Canon PowerShot S45 Review
The S30 / S40 represented was a new design angle for Canon, a long thin body with a sliding lens cover. It appears that this design as proved popular and Canon have stuck with the S40's body, lens, LCD and control layout with the advent of the new S45. The front and top of the camera sport a 'brushed metal' strip, the rest of the camera is made from metal (apart from battery cover, buttons etc.).
The sliding lens cover is also the power switch, open it fully and the camera will power up, lens extends, push it towards the lens and the camera will power off, lens retracts. You can't close the lens cover on the lens as you can't move it past a set position until the lens has retracted.
Other distinctive design features include the super-slim flash window and single (integrated) battery and compact flash compartment. At the back of the camera it's worth noting the shooting priority play switch, flipping this switch to the right enters play mode, a half-press of the shutter release always returns it to shooting mode.
Holding the S45 to shoot it is surprisingly comfortable, despite the lack of a 'proper' hand grip at the front, the camera is still deep enough to feel steady in your hand. The thumb recess moulded into the back of the camera aids grip and stops the camera from tipping anticlockwise. The second 'in hand' shot above gives you an impression of the S45's size and proportions.
LCD Monitor (rear)
The S45's 1.8" LCD sits behind a protective plastic cover, unfortunately Canon haven't blessed it with the excellent anti-reflective coating seen on other digital cameras.
That said the LCD is fairly bright and sharp and provides plenty of feedback. Through the setup menu you can select two levels of backlight brightness (obviously the brighter of the two will have an affect on battery life).
A standard 'optical tunnel' style of viewfinder and there's no dioptre adjustment. Through the viewfinder you'll see central aiming brackets which also correspond (roughly) to the edge of the focus points. There are also no parallax correction lines which would assist framing at close distances. The viewfinder provided approximately 84% frame coverage. My advice; get used to using the LCD monitor.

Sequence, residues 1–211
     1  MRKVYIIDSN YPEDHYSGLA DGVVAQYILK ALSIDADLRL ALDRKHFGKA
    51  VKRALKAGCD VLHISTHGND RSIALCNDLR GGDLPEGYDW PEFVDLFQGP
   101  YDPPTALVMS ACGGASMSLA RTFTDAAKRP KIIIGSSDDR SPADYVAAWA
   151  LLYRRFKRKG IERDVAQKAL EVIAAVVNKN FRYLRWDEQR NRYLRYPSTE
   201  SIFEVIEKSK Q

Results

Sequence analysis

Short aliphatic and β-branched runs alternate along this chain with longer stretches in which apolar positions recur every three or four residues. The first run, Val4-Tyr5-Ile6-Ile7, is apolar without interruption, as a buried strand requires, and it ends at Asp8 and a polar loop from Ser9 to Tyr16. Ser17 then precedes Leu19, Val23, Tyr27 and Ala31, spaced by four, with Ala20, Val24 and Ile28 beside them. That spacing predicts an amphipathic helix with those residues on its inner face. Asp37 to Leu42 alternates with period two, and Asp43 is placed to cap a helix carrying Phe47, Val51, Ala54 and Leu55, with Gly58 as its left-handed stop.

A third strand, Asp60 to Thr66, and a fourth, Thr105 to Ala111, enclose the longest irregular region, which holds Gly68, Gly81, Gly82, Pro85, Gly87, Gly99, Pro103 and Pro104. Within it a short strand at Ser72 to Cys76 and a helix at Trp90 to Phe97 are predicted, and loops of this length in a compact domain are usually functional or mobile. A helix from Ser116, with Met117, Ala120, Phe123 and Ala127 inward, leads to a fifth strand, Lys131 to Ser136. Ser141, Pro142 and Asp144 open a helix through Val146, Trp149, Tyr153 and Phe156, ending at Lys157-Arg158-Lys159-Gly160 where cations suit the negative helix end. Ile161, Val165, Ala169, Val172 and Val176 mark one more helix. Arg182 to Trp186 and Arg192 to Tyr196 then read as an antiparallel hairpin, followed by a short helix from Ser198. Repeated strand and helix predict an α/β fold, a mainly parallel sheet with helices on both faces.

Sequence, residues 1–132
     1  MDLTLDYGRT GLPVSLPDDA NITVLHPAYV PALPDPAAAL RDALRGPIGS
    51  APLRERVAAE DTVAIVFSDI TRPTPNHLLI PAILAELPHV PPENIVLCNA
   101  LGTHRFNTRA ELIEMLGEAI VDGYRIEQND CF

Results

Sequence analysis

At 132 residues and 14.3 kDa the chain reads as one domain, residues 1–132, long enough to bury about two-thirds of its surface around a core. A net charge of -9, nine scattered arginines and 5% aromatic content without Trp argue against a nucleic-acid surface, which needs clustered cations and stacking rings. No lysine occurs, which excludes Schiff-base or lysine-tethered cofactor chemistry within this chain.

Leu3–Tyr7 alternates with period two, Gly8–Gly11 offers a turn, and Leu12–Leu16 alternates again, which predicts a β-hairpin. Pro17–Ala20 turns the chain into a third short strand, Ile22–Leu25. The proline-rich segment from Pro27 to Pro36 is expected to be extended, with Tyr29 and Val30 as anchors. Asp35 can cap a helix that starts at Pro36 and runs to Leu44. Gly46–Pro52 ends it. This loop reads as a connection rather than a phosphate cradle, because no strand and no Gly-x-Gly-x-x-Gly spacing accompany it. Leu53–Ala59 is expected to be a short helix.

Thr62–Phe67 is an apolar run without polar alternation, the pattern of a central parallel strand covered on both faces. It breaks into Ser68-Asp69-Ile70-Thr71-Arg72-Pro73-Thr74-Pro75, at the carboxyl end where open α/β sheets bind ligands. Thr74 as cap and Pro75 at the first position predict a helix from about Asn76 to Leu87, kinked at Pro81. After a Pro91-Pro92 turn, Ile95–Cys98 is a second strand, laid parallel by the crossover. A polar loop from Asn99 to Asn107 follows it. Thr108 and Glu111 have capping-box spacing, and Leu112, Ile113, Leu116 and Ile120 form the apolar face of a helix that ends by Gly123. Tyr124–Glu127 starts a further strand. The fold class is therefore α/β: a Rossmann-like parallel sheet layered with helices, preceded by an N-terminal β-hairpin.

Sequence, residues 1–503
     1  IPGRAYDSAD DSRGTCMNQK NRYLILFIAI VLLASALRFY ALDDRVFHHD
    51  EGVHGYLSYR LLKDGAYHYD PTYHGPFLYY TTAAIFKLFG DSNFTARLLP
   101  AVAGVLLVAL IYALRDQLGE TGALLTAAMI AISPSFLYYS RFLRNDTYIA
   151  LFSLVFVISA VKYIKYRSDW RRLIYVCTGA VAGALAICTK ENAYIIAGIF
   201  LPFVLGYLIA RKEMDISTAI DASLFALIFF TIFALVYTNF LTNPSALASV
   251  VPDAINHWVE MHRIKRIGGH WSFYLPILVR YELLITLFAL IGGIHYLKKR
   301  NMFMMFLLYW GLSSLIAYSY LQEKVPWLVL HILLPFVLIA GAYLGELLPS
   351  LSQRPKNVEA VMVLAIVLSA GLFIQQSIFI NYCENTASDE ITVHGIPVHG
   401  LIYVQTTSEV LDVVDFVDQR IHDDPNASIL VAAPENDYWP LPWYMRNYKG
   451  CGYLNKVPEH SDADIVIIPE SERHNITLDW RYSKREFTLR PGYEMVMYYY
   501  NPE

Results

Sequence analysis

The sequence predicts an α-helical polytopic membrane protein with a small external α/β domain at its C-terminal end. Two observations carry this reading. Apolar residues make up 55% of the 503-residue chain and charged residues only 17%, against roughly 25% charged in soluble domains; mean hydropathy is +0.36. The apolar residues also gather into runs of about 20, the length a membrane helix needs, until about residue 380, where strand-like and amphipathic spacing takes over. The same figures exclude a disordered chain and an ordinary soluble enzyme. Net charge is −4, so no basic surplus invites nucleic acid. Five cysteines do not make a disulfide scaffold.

The two lights beside the viewfinder indicate the following:
|Green Steady||Good AF Lock, sufficient light|
|Green Flashing||CF Card activity / Camera startup|
|Yellow Steady||Macro focus / Manual focus mode|
|Yellow Flashing||AF difficulty, cannot lock focus|
|Orange Steady||Flash charged and will fire with next shot|
|Orange Flashing||Shot may suffer from shake blur (slow exp.)|
The Green Steady (Good AF) and Yellow Flashing (Bad AF) indications are now repeated on the main LCD in the colour the selected focus area bracket turns after the AF has finished.
Battery / Compact Flash Compartment
On the base of the camera you'll find a single compartment door behind which are found the Compact Flash slot (Type I or II; Microdrive supported) and the battery slot which takes the NB-2L 7.2V, 570 mAh (3.9 Wh) Lithium-Ion rechargeable battery. Battery is charged by supplied charger (below). If you open the door while the camera is still writing to the CF card a high pitch beep will continue until the write process has been completed, otherwise opening the door powers the camera off.
Those who are very observant may have noticed a small channel running from the battery compartment to the right side of the camera, this is for the optional AC adapter. The cable from a dummy battery runs along this channel and out of the side of the camera through a small spring loaded door.
|IMG_8168ABCD by citori525|
|McKinley meadow by TimR32225|
from Natural meadows
|_DSC2146 by jerste|
from Helios-44 II
|Leopoldsteinersee by RaCor|
from Landscape - Colour #3